When some gates with no actual
connection to distant battlefields get
removed the story is told.
When the cemetery of locals is
destroyed beyond recall, nothing. If we
are going to be a community that knows
ourselves we need not only the stories of
our bravery, and wrongs done to us. We
need to tell the stories of our failure, and
the wrongs we have done.
Rev Shaun Hutson
Greymouth Baptist Church.
Our stories shape us
here does not seem to be a
day that passes without a
new cancer statistic being
published. One of the most
alarming from recent years
is that one in two of us will
go on to develop the disease.
It makes so many of us feel vulnerable,
and naturally we want to know what, if
anything, we can do to protect ourselves.
As a dietitian and nutritionist for the
past 25 years, I have treated hundreds of
people, young and old and often a key
question, even if I was seeing them for
a different issue entirely, was what we
should and should not eat to reduce the
likelihood of developing cancer, and how
can food help us fight the disease if we are
The incidence of different cancers varies
hugely but, worryingly, the numbers of
people affected are on the rise.
Bowel cancer is now the third most
common cause of cancer death in women
in the United Kingdom, according to
the charity Bowel Cancer UK. It is
increasingly affecting younger people, with
a 45% increase in those under 50 being
Breast cancer, the most common cancer
in women in the UK with around 54,000
new cases each year, is also on the rise.
Latest figures from the Office for
National Statistics show an 8% rise in the
number of people with pancreatic cancer
Better detection and our longer lives
play a part in rising cancer rates, but our
lifestyle and environment must also be
part of the picture; what we put into our
body has a profound affect, with many
cancers, from stomach to bowel, linked to
diet and weight gain.
A massive two-thirds of bowel cancer
cases could be prevented by eating,
drinking and living well according to the
Weight gain is strongly linked to an
increased risk of stomach and oesophageal
cancer, according to a new study from the
National Cancer Institute in the United
Meanwhile, the Mediterranean Diet, a
long-time staple of healthy eating lore,
has recently been found by the World
Cancer Research Fund to reduce the risk
of contracting one of the most dangerous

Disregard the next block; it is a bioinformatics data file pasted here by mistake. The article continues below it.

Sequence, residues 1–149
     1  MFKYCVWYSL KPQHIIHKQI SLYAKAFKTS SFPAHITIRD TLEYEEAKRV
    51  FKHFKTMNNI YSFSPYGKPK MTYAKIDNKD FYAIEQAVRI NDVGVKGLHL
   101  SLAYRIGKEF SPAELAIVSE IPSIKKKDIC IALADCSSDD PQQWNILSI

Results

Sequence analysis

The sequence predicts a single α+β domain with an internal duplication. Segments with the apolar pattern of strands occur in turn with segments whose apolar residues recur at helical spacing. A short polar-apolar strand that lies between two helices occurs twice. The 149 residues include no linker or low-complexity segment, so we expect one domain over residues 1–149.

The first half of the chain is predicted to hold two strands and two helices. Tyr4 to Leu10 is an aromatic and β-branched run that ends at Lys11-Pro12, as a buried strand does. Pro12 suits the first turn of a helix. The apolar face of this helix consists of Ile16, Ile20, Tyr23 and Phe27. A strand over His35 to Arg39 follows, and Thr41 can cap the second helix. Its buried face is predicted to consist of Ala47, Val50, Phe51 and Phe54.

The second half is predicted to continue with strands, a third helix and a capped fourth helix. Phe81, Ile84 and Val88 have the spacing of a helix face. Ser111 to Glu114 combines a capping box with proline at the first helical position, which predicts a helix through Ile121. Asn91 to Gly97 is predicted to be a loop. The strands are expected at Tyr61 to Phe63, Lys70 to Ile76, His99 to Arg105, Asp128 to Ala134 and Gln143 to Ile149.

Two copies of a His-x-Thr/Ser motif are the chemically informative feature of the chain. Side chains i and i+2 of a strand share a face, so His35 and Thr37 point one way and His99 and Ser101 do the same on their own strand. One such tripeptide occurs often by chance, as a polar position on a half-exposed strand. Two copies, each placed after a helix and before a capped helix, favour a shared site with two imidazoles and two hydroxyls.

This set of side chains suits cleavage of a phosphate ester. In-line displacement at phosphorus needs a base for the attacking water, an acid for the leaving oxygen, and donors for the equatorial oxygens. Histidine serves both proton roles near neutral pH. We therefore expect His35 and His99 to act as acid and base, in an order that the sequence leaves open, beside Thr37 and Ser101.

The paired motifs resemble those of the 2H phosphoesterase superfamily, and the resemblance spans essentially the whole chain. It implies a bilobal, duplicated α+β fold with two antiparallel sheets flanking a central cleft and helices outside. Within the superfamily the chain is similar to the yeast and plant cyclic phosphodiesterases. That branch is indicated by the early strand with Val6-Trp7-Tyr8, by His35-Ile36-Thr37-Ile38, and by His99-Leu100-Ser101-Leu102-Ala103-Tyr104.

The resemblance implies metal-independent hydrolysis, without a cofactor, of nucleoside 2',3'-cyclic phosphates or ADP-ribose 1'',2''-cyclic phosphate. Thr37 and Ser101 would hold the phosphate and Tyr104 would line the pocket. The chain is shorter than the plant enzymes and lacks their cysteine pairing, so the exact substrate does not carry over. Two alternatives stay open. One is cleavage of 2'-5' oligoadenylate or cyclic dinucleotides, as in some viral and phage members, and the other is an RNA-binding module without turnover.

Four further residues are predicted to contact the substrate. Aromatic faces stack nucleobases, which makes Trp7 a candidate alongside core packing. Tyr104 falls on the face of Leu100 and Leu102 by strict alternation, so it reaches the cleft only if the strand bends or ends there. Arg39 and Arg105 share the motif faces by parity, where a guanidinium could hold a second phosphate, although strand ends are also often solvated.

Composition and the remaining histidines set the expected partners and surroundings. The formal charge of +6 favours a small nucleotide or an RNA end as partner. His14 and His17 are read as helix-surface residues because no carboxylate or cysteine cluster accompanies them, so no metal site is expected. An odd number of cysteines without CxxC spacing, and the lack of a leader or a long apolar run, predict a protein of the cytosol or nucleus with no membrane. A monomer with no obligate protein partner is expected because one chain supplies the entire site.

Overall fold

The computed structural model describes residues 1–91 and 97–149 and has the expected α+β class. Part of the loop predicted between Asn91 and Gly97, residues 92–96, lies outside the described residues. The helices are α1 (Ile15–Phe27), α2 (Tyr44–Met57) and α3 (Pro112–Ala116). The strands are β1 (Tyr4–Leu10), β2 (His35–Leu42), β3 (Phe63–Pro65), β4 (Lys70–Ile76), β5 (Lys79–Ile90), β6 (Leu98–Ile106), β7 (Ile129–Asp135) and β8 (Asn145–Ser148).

forms of breast cancer by 40%.
The same study also found a strong
relationship between weight gain around
the waist and incidence of womb cancer,
even a small increase in waist size can lead
to a 21% increase in risk of the disease.
The foods and nutrients we eat, and what
we avoid, can affect our well-being and
If someone already has a diagnosis of
cancer, what they eat is also incredibly
important, especially as cancer treatment
can make eating difficult, causing nausea
and vomiting, diarrhoea, loss of appetite,
mouth ulcers and extreme exhaustion.
Unfortunately there are many
misconceptions about food and cancer.
So here, I will separate the wheat from
the chaff. I will also show you the tweaks
to your diet that could help reduce your
There are all sorts of “miracle’’ anti-
cancer diets out there but I strongly advise
anyone against embarking on a dramatic
“clean eating’’ or exclusion eating plan.
Not only do they add to the fear of
anyone worried about developing cancer,
they can also worsen the outcomes of
those living with the disease.
People end up malnourished and there
just is not the evidence to support such
extreme strategies. So let us look at the
biggest myths around food and cancer and
see what adds up...
Myth: Meat will give you cancer.
Fact: Several studies have suggested that
a high consumption of red or processed
meat, such as bacon, ham, is linked with
an increase in the risk of bowel cancer.
But the evidence for the risks is greater
for a diet heavy in processed meat than
having good-quality lean steak a couple of
times a week and the latter will provide all
the eight essential amino acids our bodies
need for growth, brain development,
healthy bones and endorphins (happy
Overall, studies suggest that eating about
50g of processed meat a day (around two
slices of ham or a slice of bacon) may
increase the risk of bowel cancer by around
20%. One theory is that nitrosamines,
compounds formed when we eat meat,
damage the DNA in our cells.
Current guidelines are to eat 500g or less
of red meat a week, which gives us real
scope for enjoying some delicious meat-
Bear in mind that a bolognese sauce
made with 500g of lean, good-quality beef
mince should ser ve a good, six hungry
Myth: Wine protects you.
Fact: Studies have shown the
antioxidants in wine may protect against
cancer and other serious illnesses but it is
only in a laboratory setting that red wine’s
antioxidants offer any real benefits. In